The temporary security credentials created by AssumeRoleWithSAML can be used to make API calls to any AWS service with the following exception: you cannot call the STS service's GetFederationToken or GetSessionToken APIs.

Optionally, you can pass an IAM access policy to this operation. If you choose not to pass a policy, the temporary security credentials that are returned by the operation have the permissions that are defined in the access policy of the role that is being assumed. If you pass a policy to this operation, the temporary security credentials that are returned by the operation have the permissions that are allowed by the intersection of both the access policy of the role that is being assumed, and the policy that you pass. This means that both policies must grant the permission for the action to be allowed. This gives you a way to further restrict the permissions for the resulting temporary security credentials. You cannot use the passed policy to grant permissions that are in excess of those allowed by the access policy of the role that is being assumed. For more information, see Permissions for AssumeRole, AssumeRoleWithSAML, and AssumeRoleWithWebIdentity in the IAM User Guide.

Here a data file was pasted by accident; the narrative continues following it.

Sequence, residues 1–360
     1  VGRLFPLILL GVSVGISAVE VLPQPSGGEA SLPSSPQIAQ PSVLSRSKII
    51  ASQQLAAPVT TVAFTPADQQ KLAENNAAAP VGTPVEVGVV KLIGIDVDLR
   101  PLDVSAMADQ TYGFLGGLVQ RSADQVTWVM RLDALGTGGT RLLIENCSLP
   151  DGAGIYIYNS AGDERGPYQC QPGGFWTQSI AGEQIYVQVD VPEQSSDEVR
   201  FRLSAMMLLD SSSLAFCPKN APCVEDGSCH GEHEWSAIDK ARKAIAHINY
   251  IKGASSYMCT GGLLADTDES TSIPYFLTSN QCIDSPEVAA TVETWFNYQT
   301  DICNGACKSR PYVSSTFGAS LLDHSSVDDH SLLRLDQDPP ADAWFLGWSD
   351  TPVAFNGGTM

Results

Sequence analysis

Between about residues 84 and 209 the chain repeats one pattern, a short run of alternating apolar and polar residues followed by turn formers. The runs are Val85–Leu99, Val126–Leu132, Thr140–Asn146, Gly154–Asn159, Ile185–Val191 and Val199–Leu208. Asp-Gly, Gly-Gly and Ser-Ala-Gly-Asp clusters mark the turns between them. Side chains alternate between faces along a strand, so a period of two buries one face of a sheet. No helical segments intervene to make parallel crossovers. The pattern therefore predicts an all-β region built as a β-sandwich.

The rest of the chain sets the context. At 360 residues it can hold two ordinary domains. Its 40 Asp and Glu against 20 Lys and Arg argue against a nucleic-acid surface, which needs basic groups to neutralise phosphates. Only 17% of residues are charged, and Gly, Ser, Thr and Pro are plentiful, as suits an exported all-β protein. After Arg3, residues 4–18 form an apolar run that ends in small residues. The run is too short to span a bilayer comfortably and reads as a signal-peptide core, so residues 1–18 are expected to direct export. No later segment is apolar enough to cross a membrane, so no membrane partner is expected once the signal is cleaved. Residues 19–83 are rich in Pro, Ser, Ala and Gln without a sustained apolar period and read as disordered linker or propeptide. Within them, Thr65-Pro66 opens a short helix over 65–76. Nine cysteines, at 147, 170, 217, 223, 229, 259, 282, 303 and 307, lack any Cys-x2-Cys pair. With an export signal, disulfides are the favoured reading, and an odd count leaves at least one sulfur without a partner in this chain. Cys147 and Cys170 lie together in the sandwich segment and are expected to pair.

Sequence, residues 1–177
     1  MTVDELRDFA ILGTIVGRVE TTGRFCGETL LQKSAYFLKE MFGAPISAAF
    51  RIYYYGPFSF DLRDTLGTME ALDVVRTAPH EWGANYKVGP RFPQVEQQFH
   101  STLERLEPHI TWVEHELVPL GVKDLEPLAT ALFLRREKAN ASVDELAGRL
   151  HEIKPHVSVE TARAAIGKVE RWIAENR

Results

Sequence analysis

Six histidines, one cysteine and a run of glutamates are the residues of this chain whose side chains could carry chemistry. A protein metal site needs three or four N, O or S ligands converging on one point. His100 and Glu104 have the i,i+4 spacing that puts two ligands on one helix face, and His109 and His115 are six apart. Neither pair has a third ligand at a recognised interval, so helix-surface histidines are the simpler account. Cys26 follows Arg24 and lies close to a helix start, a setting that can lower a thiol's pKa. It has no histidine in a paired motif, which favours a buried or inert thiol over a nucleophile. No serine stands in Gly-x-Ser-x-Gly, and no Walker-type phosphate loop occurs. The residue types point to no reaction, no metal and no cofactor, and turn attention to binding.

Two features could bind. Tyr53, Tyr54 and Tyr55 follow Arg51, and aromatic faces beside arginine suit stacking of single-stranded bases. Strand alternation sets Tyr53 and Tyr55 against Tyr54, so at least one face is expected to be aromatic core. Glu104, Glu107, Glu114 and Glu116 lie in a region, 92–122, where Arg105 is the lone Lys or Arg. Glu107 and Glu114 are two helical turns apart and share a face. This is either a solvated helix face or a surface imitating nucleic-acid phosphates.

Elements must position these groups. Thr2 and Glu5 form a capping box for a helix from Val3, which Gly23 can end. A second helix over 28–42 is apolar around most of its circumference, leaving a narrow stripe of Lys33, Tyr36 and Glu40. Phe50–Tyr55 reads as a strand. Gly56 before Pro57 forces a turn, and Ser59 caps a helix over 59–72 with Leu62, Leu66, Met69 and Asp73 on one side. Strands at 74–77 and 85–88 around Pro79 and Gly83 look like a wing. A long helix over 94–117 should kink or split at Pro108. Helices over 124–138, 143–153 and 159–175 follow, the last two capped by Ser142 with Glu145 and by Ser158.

Before your application can call AssumeRoleWithSAML, you must configure your SAML identity provider (IdP) to issue the claims required by AWS. Additionally, you must use AWS Identity and Access Management (IAM) to create a SAML provider entity in your AWS account that represents your identity provider, and create an IAM role that specifies this SAML provider in its trust policy.

Calling AssumeRoleWithSAML does not require the use of AWS security credentials. The identity of the caller is validated by using keys in the metadata document that is uploaded for the SAML provider entity for your identity provider.

Calling AssumeRoleWithSAML can result in an entry in your AWS CloudTrail logs. The entry includes the value in the NameID element of the SAML assertion. We recommend that you use a NameIDType that is not associated with any personally identifiable information (PII). For example, you could instead use the Persistent Identifier (urn:oasis:names:tc:SAML:2.0:nameid-format:persistent).

For more information, see the following resources:

Examples:

Request syntax with placeholder values